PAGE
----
The Persian control continued about 100 years and was the most tolerant of the Gentile rulers. They allowed priests to function, and along with religious power, they had a measure of civil power under the governors of Syria (who functioned under Babylon). During this period the rival worship of Samaria was established in the northern part of Israel (John 4).

333 B.C.

  • Syria fell under Alexander of Greece, during which time the Jews were treated with much favor.

320 B.C. – 198 B.C.

  • When Alexander’s empire broke up into 4 pieces, Judah fell under the hammer and anvil of Syria and Egypt. Great numbers of Jews were established in Egypt.
  • The Septuagint (Greek) translation of the Bible was made by Jewish scholars there (285 B.C.).


198 B.C.

  • Antiochus conquered Judah and annexed it to Syria.

180 B.C. (approx.)

  • The land became the dowry of Cleopatra, a Syrian princess married to the king of Egypt.
  • But on the death of Cleopatra, the land was reclaimed by Antiochus Epiphanes.

170 B.C.

  • Epiphanes plundered Jerusalem, profaned the Temple and enslaved great numbers of the inhabitants.

December 25, 168 B.C.

  • Epiphanes offered a sow on the great altar of the Temple, and erected an altar to Jupiter. Temple worship was forbidden. The people were forced to eat pig meat and to desecrate many other Biblical customs.

165 B.C.

  • The revolt lead by the Maccabees was provoked by Ephiphanes’ desecration of the Temple and persecution of the people. Judas Maccabee regained possession of Jerusalem, purified and rededicated the Temple. The event is celebrated to this day in the Jewish festival “Chanukah” – meaning Dedication. In John 10:22,23, we learn Jesus observed it.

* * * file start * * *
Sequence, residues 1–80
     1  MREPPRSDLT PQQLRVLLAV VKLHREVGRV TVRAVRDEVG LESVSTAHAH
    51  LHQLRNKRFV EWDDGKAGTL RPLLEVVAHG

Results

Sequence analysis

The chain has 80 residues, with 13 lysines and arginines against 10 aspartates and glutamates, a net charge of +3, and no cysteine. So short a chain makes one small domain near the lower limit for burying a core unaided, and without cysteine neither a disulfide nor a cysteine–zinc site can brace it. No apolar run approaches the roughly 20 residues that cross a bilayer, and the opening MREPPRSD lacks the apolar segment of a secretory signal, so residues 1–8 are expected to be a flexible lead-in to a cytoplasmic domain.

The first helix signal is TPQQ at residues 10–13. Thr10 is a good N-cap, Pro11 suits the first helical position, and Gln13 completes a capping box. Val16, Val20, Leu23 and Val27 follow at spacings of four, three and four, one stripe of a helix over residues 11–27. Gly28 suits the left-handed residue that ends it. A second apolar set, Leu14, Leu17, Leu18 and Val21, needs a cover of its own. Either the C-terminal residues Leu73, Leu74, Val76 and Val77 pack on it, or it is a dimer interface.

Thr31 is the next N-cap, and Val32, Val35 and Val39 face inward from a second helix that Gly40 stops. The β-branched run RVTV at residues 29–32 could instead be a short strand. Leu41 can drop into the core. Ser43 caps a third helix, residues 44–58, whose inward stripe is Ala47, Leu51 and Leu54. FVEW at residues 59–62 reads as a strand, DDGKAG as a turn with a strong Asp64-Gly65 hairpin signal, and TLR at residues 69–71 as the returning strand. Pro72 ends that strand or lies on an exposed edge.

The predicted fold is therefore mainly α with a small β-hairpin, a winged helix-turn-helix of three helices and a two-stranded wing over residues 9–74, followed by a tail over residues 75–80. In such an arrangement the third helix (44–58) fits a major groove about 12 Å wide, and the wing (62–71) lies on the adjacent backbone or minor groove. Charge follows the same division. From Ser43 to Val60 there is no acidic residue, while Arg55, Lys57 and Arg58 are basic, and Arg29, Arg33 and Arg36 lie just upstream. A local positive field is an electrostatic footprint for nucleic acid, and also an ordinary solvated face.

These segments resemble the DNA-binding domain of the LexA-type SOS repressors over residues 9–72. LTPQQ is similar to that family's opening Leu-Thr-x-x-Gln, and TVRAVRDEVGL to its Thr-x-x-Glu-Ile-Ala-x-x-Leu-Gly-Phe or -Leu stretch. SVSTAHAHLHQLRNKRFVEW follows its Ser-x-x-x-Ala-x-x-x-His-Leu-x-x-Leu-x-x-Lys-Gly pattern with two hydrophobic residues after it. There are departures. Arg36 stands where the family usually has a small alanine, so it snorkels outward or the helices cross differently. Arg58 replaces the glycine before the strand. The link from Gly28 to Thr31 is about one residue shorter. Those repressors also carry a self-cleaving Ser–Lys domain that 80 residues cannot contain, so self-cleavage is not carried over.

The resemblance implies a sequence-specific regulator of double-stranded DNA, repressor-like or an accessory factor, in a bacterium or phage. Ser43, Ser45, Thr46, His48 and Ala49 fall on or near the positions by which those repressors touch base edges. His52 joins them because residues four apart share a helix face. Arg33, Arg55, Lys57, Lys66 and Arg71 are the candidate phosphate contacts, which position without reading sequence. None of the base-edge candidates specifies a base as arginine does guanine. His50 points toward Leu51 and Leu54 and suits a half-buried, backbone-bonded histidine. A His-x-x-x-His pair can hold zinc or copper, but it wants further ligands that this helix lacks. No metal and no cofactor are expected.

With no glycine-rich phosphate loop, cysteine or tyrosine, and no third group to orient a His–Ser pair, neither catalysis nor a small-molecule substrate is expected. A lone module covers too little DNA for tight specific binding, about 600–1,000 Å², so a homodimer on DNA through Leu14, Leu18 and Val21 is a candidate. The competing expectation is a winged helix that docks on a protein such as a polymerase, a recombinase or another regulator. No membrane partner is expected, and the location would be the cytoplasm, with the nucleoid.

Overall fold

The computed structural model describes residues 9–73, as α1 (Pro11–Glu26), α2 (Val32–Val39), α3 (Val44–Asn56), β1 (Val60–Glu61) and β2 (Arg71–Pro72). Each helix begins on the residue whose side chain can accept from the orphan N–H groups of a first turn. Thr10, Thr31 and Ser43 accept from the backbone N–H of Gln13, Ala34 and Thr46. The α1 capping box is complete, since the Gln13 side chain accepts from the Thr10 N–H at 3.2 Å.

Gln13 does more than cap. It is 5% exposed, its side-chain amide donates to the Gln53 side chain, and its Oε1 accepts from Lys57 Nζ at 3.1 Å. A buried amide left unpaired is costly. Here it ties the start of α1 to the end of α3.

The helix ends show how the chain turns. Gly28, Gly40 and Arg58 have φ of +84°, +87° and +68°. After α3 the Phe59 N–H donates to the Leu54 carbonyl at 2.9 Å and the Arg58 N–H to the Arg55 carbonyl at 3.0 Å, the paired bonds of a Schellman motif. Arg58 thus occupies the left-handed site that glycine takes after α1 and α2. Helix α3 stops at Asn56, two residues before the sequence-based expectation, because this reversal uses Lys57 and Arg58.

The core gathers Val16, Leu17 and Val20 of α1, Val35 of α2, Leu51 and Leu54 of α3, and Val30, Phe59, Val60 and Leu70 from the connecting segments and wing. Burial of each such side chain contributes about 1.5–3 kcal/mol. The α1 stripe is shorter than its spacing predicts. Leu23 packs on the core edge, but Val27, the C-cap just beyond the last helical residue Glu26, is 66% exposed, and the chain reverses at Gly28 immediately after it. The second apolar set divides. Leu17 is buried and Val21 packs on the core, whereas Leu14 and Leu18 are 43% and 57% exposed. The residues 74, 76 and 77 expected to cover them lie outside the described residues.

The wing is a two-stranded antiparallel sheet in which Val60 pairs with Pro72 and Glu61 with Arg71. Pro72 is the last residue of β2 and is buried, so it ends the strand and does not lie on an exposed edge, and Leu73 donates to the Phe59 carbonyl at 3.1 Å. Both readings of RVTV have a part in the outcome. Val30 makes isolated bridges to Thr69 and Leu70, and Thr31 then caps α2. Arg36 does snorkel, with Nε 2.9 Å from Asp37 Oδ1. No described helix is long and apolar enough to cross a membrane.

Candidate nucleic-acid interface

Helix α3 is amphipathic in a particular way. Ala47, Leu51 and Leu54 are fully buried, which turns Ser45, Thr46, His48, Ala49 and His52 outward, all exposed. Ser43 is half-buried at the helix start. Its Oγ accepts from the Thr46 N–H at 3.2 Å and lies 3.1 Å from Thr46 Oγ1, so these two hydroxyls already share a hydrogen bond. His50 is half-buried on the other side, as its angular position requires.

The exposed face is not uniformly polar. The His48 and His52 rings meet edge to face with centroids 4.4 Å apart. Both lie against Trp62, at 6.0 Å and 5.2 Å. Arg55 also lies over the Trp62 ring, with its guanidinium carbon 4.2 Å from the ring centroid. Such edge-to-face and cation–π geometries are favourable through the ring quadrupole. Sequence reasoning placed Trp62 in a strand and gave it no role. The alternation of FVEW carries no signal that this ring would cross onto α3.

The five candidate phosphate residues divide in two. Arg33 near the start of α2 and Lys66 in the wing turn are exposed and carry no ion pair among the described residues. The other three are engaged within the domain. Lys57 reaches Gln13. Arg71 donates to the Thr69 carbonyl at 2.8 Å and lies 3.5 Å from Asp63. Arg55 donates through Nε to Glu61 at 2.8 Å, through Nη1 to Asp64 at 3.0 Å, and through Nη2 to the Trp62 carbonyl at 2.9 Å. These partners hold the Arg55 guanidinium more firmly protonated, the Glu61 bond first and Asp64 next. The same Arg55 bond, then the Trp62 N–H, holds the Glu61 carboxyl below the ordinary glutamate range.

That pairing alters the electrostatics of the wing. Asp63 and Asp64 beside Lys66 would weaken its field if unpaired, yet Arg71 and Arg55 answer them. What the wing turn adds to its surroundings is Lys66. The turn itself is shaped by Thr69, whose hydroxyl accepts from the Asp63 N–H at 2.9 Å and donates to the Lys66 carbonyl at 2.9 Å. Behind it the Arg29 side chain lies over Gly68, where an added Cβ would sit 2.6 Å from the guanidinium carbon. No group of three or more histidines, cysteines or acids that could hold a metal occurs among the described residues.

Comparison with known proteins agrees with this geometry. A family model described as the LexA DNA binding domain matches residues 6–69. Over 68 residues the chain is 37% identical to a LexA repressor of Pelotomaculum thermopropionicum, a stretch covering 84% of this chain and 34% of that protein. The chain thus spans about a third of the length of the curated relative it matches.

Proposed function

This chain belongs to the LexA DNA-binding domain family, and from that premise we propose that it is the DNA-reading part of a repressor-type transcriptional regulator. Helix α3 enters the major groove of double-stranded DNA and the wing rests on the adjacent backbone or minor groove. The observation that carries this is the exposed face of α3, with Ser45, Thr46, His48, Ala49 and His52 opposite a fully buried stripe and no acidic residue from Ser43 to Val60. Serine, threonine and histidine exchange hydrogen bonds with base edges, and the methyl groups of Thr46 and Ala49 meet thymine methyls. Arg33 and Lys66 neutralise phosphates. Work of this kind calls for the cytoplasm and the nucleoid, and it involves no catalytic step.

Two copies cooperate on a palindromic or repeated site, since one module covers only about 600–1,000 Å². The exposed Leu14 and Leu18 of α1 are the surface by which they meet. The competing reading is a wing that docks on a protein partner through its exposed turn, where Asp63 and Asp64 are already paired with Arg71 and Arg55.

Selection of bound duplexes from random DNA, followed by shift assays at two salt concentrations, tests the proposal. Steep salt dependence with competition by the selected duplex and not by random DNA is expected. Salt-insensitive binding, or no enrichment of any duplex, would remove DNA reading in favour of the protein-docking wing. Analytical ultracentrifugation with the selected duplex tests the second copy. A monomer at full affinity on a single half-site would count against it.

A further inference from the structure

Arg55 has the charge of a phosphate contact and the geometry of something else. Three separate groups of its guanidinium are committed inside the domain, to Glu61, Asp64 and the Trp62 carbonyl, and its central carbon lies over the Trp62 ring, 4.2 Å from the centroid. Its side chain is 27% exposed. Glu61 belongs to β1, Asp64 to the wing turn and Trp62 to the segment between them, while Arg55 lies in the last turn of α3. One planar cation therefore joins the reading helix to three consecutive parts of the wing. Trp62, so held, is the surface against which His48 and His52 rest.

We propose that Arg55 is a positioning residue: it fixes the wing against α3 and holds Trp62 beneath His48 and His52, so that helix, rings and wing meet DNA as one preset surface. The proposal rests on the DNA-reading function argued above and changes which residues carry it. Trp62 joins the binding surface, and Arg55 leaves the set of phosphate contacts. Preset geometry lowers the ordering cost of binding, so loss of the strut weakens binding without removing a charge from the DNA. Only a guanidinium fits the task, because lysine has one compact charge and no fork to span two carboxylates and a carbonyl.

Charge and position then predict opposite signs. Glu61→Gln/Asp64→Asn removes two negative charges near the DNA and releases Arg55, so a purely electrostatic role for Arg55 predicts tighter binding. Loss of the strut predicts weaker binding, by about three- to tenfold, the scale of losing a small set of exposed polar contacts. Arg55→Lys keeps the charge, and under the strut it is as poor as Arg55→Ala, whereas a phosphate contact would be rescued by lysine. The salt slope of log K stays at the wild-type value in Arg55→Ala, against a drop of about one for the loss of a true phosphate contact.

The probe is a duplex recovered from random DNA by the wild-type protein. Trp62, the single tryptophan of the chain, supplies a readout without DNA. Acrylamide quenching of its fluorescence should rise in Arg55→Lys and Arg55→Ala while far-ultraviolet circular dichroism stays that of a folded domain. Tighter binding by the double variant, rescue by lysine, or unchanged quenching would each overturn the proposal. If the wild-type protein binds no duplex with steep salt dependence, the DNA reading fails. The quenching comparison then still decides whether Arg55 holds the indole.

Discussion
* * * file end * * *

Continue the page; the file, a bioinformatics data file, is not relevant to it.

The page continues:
• Judas Maccabee was slain in battle and his brother Jonathan succeeded him in leadership. Under him and his brother Simon and nephew John Hyrcanus, the Hasmonean line of priest-rulers was established and was suffered by the other powers.
  • Thus began a corrupted order of Temple control. Under the order established by God through Moses, priests were not to be kings and kings were not to be priests.

63 B.C.

  • The Roman conquest of Judea and Jerusalem by Pompey,
  • He left Hyrcanus, the last of the Hasmonians, in a nominal sovereignty; An Idumean, Antipater, was the actual power.

47 B.C.

  • Antipater was made procurator of Judea by Julius Caesar and appointed his son, Herod, governor of Galilee.